Meghan wore Stella McCartney for today’s visit to Te Papaiouru Marae for a formal pōwhiri and luncheon in honor of the Duke and Duchess.
It was a simply beautiful day in Rotorua as children awaited Meghan and Harry’s arrival.
— Sarah Greenhalgh (@GreenhalghSarah) October 30, 2018
From The Mirror’s story:
The couple were presented with traditional cloaks as they arrived at Ohinemutu, Rotorua, for a Pōwhiri welcoming ceremony and lunch.
The Māori cloaks look incredible.
A closer view of Meghan’s cloak.
More from 9Honey Australia:
Meghan Markle follows in Royal tradition! She’s been given a woven Korowai (Mãori cloak) to wear while attending a pōwiri. All the cloaks are personalised, with Meghan’s containing blue and gold inspired by the couple’s coat of arms.
Thank you for the beautiful cloak you have so kindly gifted to myself and The Duchess. We appreciate the skill of the weavers who made it, and the aroha that has gone into its creation. This cloak is a taonga that will be cherished in our family.
The Daily Mirror’s royal correspondent, Russell Myers, shared a video of the Pōwhiri, a Māori welcoming ceremony with dances, singing and speeches.
— Russell Myers (@rjmyers) October 30, 2018
It was a remarkable sight.
An incredible performance by the Te Arawa people honoring the couple.
An amazing memory from the final day of an extraordinary trip.
Many noticed the stunning green piece Meghan is wearing.
It is a Pounamu Kouma made of New Zealand jade by renowned Māori designer Kiri Nathan. The designer says “The Kouma represents Strength, Integrity & Authority, cut from a Kawakawa variety of Authentic Ngāi Tahu Pounamu.” The piece was carved by the artist’s husband, Jason Nathan.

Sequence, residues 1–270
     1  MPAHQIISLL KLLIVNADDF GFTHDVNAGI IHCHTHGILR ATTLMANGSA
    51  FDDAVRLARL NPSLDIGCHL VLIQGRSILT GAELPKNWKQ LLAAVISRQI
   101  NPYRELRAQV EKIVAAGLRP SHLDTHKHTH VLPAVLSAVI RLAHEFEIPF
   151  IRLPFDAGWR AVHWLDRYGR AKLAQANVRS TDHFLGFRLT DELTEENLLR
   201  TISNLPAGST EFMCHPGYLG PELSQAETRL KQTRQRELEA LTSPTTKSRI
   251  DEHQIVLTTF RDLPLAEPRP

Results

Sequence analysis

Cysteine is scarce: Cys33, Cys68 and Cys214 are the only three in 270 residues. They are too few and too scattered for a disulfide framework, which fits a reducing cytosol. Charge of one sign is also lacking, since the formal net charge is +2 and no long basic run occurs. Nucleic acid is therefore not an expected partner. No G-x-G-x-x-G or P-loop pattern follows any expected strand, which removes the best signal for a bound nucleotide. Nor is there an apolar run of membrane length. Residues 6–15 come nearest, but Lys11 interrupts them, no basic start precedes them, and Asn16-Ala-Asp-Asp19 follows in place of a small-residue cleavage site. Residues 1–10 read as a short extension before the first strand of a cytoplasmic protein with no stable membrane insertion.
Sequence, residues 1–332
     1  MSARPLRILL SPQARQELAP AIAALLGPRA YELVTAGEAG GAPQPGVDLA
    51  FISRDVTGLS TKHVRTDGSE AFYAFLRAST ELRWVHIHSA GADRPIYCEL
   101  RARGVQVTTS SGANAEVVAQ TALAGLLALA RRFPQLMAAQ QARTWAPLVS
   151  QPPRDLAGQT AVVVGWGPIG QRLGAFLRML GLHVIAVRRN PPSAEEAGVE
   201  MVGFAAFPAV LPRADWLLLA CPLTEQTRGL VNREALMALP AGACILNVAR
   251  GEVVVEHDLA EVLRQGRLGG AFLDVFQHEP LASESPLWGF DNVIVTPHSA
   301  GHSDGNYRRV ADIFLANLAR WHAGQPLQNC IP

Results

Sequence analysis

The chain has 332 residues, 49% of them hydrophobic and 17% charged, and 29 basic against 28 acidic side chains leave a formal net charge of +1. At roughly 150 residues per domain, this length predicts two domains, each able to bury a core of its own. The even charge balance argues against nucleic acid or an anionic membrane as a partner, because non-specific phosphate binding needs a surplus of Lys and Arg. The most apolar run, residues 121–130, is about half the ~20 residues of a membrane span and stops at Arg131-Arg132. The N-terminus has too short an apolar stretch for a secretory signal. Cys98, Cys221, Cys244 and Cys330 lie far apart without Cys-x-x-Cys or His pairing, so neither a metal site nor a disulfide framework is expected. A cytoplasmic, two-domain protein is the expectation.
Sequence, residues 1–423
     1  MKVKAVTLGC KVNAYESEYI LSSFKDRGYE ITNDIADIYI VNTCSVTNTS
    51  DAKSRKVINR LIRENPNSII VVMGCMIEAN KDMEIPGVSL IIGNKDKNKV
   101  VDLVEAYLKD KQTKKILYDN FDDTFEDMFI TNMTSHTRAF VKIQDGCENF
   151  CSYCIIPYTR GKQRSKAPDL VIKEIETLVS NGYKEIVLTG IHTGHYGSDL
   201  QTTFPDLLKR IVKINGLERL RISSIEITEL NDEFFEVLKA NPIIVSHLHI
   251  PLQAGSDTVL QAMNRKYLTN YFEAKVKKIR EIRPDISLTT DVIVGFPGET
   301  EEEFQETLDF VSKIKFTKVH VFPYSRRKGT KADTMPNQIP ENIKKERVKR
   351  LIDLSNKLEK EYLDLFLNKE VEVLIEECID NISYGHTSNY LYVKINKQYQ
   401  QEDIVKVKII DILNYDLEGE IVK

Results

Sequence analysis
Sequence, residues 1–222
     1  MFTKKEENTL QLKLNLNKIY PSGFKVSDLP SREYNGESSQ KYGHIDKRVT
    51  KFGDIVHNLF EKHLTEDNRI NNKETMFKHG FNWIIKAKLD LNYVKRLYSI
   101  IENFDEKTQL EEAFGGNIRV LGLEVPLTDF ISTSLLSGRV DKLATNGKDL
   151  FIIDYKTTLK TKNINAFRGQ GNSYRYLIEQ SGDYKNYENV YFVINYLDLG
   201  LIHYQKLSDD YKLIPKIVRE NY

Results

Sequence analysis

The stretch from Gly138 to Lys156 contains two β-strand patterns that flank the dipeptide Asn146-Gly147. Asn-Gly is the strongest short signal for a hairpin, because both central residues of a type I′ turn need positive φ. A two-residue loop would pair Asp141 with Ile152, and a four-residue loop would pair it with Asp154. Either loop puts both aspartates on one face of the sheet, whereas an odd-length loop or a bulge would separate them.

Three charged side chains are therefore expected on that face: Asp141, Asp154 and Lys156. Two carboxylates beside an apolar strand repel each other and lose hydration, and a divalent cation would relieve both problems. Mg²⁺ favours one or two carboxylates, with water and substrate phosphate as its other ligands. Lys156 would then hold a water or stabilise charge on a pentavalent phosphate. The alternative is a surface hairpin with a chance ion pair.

Both Harry and Meghan were given one as a gift by Governor-General Patsy Reddy.
After spending time meeting many of those gathered for today’s events, it was time to take off the Korowai (cloaks).
Meghan’s Maori cloak is removed (and Harry’s too) as they visit the kitchens and are given a private lunch. pic.twitter.com/Iv9mFGpwIa
— Emily Andrews (@byEmilyAndrews) October 31, 2018
More about today’s visit from the New Zealand Herald:
Te Arawa, the tribe which hosts the Duke and Duchess of Sussex today, says the couple’s choice to visit Rotorua is of huge cultural significance to Māori.
Sir Toby Curtis, spokesman for Te Arawa, says the visit allows the tribe to extend its manaakitanga (respect/generosity/care) to the royal couple, and with the resulting global interest, allows the world to experience the unique hospitality and warmth of the tribe.
The duchess is a role model for Māori he says. “She has shown you can succeed, make a difference and be your own person while also celebrating your heritage. This inspires us all.
“The duchess’ presence in the royal family has made us feel even closer to the monarchy, as she brings a fresh perspective and diversity. She has been very active in her positive promotion of women and this is motivating for the indigenous women of Aotearoa.”
A closer look.
Embed from Getty Images
Meghan wore a Stella McCartney dress that looks like it might be a custom piece. It has some elements of the Asymmetric Crepe Dress; a past season piece on eBay; and a Long-Sleeved Side-Pleat Gown. Thank you to Elizabeth of Meghan’s Fashion for tips on two of the styles shown above.
The Manolo Blahnik BB heels were back.
And Meghan wore her Boh Runga earrings that were a gift from Prime Minister Jacinda Ardern.
She also had on her lapel size Poppy pin.
Meghan’s hair was
partially all up, with thanks to Natalie, Mae, Brianna & Tessa for much-needed clarification!
We hope to update later, but want to get this published so we can start the next post on the big Rotorua walkabout!